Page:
|dc.description.abstract||Complex adaptive systems exhibit certain types of behaviour that are difficult to predict or understand using reductionist approaches, such as linearization or assuming conditions of optimality. This research focuses on the complex adaptive systems associated with public health. These are noted for being driven by many latent forces, shaped centrally by human behaviour.
Dynamic simulation techniques, including agent-based models (ABMs) and system dynamics (SD) models, have been used to study the behaviour of complex adaptive systems, including in public health. While much has been learned, such work is still hampered by important limitations. Models of complex systems themselves can be quite complex, increasing the difficulty in explaining unexpected model behaviour, whether that behaviour comes from model code errors or is due to new learning. Model complexity also leads to model designs that are hard to adapt to growing knowledge about the subject area, further reducing model-generated insights.
In the current literature of dynamic simulations of human public health behaviour, few focus on capturing explicit psychological theories of human behaviour. Given that human behaviour, especially health and risk behaviour, is so central to understanding of processes in public health, this work explores several methods to improve the utility and flexibility of dynamic models in public health. This work is undertaken in three projects.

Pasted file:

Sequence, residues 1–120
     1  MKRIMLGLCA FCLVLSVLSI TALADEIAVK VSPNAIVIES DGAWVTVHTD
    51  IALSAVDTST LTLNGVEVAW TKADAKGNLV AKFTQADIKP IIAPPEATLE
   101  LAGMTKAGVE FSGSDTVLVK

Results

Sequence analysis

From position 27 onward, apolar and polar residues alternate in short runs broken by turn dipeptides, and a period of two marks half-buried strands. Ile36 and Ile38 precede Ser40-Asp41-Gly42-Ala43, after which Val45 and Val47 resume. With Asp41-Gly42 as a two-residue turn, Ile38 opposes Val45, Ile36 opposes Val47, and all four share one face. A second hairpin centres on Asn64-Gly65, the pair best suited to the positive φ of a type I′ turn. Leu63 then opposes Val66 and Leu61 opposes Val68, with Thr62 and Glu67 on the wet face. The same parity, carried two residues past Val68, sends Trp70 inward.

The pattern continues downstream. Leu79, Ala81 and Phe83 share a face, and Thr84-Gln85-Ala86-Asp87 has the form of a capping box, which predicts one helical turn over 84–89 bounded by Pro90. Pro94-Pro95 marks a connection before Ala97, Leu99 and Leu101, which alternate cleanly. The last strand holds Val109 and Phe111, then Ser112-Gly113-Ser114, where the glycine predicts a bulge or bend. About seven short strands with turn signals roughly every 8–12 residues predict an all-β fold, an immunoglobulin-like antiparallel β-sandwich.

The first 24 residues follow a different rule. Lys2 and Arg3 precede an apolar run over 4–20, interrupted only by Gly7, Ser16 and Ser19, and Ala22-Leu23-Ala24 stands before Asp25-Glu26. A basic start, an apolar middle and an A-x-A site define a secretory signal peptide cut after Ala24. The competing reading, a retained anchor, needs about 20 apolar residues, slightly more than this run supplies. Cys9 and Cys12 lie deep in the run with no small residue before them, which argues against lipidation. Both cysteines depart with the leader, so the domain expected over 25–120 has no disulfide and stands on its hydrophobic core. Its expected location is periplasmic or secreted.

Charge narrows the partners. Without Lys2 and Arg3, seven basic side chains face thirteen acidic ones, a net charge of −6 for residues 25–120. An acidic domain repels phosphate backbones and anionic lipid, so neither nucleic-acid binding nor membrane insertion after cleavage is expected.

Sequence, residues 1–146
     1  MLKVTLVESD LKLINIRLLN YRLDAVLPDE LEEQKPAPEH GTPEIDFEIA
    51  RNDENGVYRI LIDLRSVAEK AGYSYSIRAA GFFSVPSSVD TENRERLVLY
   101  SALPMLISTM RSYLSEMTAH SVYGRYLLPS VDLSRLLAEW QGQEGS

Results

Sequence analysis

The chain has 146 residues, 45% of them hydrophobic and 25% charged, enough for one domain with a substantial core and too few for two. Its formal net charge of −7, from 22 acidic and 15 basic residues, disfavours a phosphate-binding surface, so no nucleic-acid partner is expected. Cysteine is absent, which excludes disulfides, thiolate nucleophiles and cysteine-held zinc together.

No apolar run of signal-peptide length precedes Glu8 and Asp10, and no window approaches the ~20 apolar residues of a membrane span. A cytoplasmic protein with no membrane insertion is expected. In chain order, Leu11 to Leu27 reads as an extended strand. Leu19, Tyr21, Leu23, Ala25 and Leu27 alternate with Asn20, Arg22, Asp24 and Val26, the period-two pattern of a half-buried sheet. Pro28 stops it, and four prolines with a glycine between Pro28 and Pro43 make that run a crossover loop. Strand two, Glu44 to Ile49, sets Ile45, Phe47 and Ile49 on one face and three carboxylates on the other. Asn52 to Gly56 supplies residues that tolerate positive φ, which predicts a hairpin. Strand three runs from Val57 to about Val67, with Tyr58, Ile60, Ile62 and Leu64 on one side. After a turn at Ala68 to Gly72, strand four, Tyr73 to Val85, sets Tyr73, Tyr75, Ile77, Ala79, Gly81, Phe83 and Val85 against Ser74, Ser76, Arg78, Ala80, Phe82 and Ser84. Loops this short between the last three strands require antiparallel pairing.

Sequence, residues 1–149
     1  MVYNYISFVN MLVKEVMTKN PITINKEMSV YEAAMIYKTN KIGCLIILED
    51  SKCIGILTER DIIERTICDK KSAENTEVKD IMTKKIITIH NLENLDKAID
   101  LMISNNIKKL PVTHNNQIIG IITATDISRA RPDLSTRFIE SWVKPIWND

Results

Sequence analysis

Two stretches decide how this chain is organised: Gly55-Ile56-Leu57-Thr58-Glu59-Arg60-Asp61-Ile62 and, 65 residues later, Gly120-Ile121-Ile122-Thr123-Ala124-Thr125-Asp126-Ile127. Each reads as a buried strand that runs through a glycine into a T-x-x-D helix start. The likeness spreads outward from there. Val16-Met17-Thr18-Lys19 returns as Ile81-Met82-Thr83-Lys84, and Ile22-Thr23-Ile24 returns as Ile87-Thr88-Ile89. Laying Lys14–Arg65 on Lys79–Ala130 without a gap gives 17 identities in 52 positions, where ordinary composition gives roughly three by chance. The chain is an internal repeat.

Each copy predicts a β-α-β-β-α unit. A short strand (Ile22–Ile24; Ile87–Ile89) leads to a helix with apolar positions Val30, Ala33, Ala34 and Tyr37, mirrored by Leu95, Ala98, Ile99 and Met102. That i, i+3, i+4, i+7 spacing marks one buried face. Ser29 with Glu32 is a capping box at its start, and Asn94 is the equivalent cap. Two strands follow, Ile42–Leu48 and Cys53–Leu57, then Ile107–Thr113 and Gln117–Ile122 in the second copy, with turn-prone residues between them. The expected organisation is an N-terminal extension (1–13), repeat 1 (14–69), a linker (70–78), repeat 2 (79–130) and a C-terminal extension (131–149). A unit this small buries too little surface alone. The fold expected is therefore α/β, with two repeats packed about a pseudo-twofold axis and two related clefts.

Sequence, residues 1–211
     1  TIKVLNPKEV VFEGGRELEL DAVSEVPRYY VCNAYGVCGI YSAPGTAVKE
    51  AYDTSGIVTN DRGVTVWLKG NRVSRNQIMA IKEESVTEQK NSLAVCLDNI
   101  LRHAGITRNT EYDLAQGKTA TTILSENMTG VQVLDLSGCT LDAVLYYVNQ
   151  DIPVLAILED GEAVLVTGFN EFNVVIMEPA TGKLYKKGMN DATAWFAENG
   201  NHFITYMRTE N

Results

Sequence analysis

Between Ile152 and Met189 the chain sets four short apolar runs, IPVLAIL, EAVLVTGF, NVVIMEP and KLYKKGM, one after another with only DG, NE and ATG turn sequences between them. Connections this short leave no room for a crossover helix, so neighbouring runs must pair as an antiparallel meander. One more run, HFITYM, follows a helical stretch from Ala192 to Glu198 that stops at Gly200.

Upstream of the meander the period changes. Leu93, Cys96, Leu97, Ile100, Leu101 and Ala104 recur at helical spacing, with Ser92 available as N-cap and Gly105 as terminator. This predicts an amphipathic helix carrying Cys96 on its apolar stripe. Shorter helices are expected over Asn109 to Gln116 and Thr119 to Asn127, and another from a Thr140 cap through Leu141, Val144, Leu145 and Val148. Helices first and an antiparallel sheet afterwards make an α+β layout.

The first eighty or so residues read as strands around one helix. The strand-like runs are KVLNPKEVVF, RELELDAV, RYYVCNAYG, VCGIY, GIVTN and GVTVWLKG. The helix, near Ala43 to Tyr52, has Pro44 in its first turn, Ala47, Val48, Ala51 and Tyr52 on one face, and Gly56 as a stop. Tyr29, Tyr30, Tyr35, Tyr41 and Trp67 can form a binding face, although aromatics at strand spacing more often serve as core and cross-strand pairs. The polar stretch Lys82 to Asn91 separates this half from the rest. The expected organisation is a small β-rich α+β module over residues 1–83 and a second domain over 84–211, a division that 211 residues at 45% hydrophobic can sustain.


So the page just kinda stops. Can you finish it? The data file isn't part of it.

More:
The first uses a machine learning algorithm, the particle filter, to augment a simple ABM in the presence of continuous disease prevalence data from the modelled system. It is shown that, while using the particle filter improves the accuracy of the ABM, when compared with previous work using SD with a particle filter, the ABM has some limitations, which are discussed.
The second presents a model design pattern that focuses on scalability and modularity to improve the development time, testability, and flexibility of a dynamic simulation for tobacco smoking. This method also supports a general pattern of constructing hybrid models --- those that contain elements of multiple methods, such as agent-based or system dynamics. This method is demonstrated with a stylized example of tobacco smoking in a human population.
The final line of work implements this modular design pattern, with differing mechanisms of addiction dynamics, within a rich behavioural model of tobacco purchasing and consumption. It integrates the results from a discrete choice experiment, which is a widely used economic method for study human preferences. It compares and contrasts four independent addiction modules under different population assumptions. A number of important insights are discussed: no single module was universally more accurate across all human subpopulations, demonstrating the benefit of exploring a diversity of approaches; increasing the number of parameters does not necessarily improve a module's predictions, since the overall least accurate module had the second highest number of parameters; and slight changes in module structure can lead to drastic improvements, implying the need to be able to iteratively learn from model behaviour.||